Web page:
Graduation Semester and Year




Document Type


Degree Name

Master of Arts in History



First Advisor

Sarah Davis-Secord


During the last twenty-five years, there has been wide-spread debate about the extent of the notion of persecution in medieval Europe. Those who believe that persecution existed deliberate to what extent, as well as when and where it took place. Historians who doubt it offer explanations of toleration, coexistence/convivencia, ambivalence, or simply repression. Most of this historical debate unfortunately tends to center itself in or after the eleventh-century, abstaining from discussions about socio-politico groups that existed in the fifth through tenth centuries. Groups such as the Visigoths are therefore largely omitted from these conversations. Compounding this deficiency is an issue with modern notions of persecution, which can distort the social, cultural, and economic interactions that took place between Jews and the Muslims and Christians with which they shared territory. For some historians, potential historical misrepresentations through use of anachronistic constructs diminish the term's reliability as an accurate image of the past. Since most of the recent medieval persecutory historiography neglects the Visigoths, extensive examination of works about Spanish Jews and Iberia is necessary to identify the historical trends. The reading of these texts generally illuminates an extensive persecutory discourse because the Visigothic treatment of the Jews proved at times to be both cruel and hostile. Discriminatory laws, compulsory conversions, polemical disputations, expulsion, and general acts of violence existed, although some historians note that these do not necessarily constitute persecution in and of themselves. It is difficult to ascertain if Visigothic motivation for hostility falls into the traditional persecutory divisions of religion, ethnicity, or politics, or whether they were merely trying to increase their power, became jealous of the Jewish positions in Roman society, or simply considered Jews different from themselves. While the scope of this paper cannot hope to resolve the entire state of the field, it offers insight into the academic dialogue that has generally overlooked the role of the Visigothic social, political, intellectual and ecclesiastical entities with regard to persecution in the Middle Ages, and calls for historians to include mention of Visigothic Spain in future persecutory discourse.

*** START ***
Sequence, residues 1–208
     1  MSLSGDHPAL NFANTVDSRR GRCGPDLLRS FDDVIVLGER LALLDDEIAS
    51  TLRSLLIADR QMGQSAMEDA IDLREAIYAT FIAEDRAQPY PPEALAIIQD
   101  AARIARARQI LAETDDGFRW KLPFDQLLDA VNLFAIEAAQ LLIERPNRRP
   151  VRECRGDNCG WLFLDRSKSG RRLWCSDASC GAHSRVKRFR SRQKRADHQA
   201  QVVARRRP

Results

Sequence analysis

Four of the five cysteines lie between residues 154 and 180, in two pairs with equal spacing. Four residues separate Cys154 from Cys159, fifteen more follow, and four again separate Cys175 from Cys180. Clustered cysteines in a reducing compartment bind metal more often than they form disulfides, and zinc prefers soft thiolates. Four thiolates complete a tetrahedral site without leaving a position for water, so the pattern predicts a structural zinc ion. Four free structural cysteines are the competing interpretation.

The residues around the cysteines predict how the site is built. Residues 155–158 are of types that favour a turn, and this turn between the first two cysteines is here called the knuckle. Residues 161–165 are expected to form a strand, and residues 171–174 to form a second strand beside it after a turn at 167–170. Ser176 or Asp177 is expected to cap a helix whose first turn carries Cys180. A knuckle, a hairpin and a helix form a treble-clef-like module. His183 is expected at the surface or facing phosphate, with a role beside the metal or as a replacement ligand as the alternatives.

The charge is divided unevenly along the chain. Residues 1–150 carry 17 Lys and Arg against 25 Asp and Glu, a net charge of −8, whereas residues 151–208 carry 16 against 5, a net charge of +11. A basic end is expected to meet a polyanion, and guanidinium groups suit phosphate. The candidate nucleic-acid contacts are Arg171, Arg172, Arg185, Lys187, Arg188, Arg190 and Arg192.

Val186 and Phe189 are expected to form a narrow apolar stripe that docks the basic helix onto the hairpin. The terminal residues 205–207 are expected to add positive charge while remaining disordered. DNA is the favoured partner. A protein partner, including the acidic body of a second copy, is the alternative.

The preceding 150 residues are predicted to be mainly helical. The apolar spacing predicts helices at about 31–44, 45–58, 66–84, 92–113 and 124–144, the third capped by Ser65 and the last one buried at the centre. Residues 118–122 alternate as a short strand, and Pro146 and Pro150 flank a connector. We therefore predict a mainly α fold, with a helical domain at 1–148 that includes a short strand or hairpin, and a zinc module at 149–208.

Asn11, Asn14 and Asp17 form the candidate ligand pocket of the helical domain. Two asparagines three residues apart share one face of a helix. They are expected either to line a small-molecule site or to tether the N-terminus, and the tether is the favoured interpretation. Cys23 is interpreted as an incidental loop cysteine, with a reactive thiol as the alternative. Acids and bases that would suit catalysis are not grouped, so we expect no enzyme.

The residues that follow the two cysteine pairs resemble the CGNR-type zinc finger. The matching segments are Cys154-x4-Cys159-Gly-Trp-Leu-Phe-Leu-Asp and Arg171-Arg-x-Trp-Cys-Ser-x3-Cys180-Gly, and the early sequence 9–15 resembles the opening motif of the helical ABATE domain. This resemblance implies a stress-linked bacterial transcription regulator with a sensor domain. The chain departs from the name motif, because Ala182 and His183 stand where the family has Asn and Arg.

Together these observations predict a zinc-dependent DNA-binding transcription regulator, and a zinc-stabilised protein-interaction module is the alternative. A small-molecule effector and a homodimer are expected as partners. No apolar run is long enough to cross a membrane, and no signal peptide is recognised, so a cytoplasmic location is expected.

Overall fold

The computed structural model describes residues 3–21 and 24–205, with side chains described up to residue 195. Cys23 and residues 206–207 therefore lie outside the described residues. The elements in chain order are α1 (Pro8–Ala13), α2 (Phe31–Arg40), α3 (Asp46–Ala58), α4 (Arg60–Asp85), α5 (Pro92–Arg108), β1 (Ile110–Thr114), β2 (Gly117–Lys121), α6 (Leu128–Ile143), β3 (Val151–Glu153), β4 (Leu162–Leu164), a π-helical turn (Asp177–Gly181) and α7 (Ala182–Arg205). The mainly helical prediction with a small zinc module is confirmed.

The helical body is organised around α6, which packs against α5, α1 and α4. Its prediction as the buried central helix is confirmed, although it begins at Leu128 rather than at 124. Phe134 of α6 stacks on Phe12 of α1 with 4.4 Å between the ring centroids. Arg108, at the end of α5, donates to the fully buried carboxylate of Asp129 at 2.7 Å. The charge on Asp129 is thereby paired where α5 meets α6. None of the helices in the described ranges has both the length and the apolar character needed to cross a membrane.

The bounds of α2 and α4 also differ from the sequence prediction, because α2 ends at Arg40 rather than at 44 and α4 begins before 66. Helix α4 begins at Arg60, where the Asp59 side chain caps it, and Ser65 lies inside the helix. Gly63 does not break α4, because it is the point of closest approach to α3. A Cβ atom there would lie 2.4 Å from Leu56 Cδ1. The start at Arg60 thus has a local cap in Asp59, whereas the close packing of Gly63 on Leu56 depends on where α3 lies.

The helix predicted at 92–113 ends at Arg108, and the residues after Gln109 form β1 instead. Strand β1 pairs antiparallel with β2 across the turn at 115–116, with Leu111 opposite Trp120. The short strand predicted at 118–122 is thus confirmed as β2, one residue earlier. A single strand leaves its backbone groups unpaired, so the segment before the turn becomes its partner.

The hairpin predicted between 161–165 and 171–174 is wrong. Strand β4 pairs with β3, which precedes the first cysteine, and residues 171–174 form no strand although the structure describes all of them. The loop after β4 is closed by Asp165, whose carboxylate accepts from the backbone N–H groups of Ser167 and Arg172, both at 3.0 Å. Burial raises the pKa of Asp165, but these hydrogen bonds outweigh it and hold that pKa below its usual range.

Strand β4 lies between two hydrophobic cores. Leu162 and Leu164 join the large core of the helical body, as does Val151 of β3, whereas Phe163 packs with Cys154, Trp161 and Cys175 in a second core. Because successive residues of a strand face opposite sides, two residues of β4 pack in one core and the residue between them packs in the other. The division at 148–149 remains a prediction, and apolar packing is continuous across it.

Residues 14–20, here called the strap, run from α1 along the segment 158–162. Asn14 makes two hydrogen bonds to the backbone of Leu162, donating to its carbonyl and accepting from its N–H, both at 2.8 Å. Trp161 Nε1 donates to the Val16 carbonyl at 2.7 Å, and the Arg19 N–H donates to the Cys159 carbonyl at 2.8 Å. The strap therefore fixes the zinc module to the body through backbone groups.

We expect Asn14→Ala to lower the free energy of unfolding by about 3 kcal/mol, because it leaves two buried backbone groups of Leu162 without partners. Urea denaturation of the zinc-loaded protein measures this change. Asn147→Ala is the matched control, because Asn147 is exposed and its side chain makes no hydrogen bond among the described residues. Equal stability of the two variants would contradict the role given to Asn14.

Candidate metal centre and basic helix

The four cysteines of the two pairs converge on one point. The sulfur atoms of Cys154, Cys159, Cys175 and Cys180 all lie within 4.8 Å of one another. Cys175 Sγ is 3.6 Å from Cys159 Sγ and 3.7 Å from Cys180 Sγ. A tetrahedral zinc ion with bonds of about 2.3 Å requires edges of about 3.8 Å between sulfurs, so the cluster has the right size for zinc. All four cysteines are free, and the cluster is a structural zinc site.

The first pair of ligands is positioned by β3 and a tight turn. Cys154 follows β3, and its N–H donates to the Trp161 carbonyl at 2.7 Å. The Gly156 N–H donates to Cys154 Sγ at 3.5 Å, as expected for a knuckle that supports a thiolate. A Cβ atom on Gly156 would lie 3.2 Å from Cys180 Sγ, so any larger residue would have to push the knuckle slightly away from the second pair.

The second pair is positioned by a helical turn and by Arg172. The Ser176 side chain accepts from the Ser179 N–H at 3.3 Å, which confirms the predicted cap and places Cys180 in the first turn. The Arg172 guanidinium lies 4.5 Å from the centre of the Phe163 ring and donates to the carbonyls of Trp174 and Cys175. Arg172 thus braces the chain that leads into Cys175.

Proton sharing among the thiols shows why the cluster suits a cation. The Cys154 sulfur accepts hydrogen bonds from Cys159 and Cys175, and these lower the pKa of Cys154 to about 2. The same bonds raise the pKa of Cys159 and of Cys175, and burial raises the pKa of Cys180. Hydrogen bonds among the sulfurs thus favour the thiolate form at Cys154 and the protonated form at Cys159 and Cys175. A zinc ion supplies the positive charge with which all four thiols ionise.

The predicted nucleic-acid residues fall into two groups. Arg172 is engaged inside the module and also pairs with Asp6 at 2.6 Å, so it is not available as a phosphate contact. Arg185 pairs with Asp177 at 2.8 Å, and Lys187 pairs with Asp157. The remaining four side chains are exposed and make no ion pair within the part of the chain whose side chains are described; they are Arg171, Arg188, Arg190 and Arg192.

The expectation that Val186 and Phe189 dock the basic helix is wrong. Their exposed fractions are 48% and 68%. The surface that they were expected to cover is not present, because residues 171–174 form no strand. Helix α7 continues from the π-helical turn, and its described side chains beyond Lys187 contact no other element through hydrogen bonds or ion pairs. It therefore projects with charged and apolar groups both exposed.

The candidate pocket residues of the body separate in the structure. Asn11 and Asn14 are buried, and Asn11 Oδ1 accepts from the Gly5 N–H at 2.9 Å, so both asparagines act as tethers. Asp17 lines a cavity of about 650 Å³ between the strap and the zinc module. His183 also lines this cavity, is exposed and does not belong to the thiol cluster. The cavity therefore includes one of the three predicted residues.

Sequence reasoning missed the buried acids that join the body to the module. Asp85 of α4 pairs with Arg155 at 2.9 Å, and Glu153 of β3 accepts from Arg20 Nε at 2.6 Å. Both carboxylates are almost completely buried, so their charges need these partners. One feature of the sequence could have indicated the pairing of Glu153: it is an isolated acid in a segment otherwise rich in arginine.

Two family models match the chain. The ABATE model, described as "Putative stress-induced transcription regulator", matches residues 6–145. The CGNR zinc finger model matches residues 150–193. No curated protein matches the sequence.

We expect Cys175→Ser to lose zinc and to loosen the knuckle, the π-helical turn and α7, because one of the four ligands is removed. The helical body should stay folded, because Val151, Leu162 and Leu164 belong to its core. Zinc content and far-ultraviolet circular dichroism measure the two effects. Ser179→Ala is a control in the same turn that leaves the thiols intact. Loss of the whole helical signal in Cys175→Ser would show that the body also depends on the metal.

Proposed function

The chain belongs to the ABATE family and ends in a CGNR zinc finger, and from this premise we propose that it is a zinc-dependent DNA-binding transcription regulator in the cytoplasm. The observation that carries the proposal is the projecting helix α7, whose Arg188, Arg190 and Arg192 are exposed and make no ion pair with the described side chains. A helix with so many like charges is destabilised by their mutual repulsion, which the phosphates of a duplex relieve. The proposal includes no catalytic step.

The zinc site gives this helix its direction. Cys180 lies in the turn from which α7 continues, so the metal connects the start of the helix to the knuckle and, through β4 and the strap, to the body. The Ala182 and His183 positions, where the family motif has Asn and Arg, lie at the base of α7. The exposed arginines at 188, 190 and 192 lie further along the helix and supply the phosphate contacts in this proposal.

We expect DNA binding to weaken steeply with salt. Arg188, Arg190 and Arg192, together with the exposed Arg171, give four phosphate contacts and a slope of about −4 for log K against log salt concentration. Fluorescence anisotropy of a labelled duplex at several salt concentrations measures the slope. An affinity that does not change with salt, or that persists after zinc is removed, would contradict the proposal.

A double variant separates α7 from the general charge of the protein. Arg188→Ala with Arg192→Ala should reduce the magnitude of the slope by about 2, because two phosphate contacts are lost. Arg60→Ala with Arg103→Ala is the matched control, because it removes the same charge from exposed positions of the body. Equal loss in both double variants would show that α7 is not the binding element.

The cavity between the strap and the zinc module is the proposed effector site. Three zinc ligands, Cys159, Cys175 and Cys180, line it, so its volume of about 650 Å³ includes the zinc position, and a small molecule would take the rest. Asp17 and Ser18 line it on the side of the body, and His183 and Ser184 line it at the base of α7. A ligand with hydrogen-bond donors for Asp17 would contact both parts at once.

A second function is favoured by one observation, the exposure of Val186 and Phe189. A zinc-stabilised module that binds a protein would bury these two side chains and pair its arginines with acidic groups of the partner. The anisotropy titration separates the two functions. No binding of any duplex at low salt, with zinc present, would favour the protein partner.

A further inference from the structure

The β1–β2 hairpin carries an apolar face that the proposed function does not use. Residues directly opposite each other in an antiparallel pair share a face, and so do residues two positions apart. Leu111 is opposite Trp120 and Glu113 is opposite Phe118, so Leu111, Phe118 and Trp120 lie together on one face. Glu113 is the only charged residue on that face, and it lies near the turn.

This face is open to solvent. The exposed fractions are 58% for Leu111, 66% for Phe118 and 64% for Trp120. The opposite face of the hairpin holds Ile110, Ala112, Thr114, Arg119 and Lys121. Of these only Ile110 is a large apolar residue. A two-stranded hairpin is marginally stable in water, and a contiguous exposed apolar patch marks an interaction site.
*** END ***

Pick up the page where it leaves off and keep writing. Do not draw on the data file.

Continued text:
Arts and Humanities | History


Degree granted by The University of Texas at Arlington

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